Jettison the two leagues’ lower-rated packages, and MLB enjoys a much more generous lead over the USFL. Eliminate the Tuesday night TBS games and the 17 outings that have aired thus far on FS1, and MLB’s Fox/ESPN audience swells to 1.52 million viewers. By the same token, if we limit our analysis of the USFL to its 20 Fox/NBC broadcasts, the new venture is averaging 984,381 viewers per game.

The USFL also hung tough against the NHL, which over the course of the regular season averaged a hair over 360,000 viewers per game in its first go-around with Turner Sports and drew around 640,000 viewers care of Disney’s ABC/ESPN.

Through the regular season, NBC is winning the USFL ratings race with an average draw of 1.14 million viewers over eight broadcasts, outpacing Fox on the network front (887,308), while lapping the coverage at its cable sibling USA (331,444). Fox’s FS1 is bringing up the rear with an average draw of 285,000 USFL viewers. While at the low end of the ratings continuum, that’s not a shabby outcome for FS1, which last spring averaged 144,000 viewers per day.

That the USFL will return for a second season already makes the league a winner, and Fox’s relatively inexpensive investment ($150 million over the first three years of operations) has kept internal expectations in check. At the start of the season, analysts expected the USFL to lose between $25 million and $65 million, and Fox CEO Lachlan Murdoch is sufficiently bullish about the league’s prospects that he’s already started talking about expanding the eight-team table, to use a soccer phrase.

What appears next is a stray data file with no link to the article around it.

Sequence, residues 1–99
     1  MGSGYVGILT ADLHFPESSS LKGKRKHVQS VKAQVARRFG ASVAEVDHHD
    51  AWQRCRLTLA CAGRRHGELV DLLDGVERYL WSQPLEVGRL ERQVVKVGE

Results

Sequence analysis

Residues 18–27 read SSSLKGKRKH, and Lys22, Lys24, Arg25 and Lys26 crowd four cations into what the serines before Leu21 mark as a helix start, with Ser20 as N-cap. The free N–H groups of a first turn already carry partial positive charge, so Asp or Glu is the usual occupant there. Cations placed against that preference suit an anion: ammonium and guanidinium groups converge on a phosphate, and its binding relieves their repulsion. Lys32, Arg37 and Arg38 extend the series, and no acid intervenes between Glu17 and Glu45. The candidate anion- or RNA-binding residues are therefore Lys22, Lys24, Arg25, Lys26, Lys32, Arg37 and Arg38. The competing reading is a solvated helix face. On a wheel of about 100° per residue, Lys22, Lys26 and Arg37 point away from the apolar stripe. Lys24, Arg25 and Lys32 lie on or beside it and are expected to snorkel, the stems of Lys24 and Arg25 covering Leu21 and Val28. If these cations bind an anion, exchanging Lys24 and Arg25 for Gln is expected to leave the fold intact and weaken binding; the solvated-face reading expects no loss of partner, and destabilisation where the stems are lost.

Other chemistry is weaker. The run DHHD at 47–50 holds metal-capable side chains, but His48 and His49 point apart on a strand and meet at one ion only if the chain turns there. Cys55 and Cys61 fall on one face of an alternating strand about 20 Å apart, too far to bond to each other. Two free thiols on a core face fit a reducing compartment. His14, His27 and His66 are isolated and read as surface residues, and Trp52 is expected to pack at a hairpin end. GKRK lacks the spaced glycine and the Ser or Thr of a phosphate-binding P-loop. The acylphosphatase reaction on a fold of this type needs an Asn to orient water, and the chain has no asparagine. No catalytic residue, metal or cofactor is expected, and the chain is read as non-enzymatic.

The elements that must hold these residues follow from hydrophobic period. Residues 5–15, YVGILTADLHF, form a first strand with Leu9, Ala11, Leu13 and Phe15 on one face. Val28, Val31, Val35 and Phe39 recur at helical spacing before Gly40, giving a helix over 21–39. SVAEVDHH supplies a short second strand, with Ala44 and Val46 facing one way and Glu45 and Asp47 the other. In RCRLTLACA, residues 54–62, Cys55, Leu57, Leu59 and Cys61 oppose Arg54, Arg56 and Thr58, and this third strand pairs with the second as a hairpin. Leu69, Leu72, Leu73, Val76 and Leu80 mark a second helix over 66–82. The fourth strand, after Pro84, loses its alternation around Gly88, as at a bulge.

If all goes according to plan, the USFL will have managed to stay one step ahead of the spring football jinx that sidelined the Alliance of American Football in 2019 and scuttled the XFL revival from the following year. The latter effort averaged 1.86 million viewers over the course of its five-week run, before the pandemic effectively brought the curtain down for good in March 2020. Financial malpractice killed off the AAF, which folded seven weeks after its CBS debut averaged 3.25 million viewers. The AAF’s commitment to basic-cable shrank its initial TV audience down to next to nothing, and over the course of its final 18 telecasts on NFL Network and TNT, the doomed venture averaged 420,000 viewers.

Low expectations can be a startup manager’s best friend. Among the key advantages of setting the USFL ad rates so low—scatter units in recent broadcasts could be had for as little as $15,000 a throw—is that it takes very little effort to make the advertisers whole when the audience doesn’t show up in full force.

Those same advertisers hope to see a bit of a ratings bump as the postseason kicks off. This Saturday, Fox will air the early Philadelphia Stars-New Jersey Generals playoff, while NBC hosts the primetime showdown between the New Orleans Breakers and Birmingham Stallions. The two teams that advance to the championship round will butt heads on July 3 at Tom Benson Hall of Fame Stadium in Canton, Ohio.

The Stallions (+200) are a slim favorite to win the title, edging the Generals (+210). All who may feel compelled to bet on this game are encouraged to seek counseling from a clergyman or licensed healthcare professional.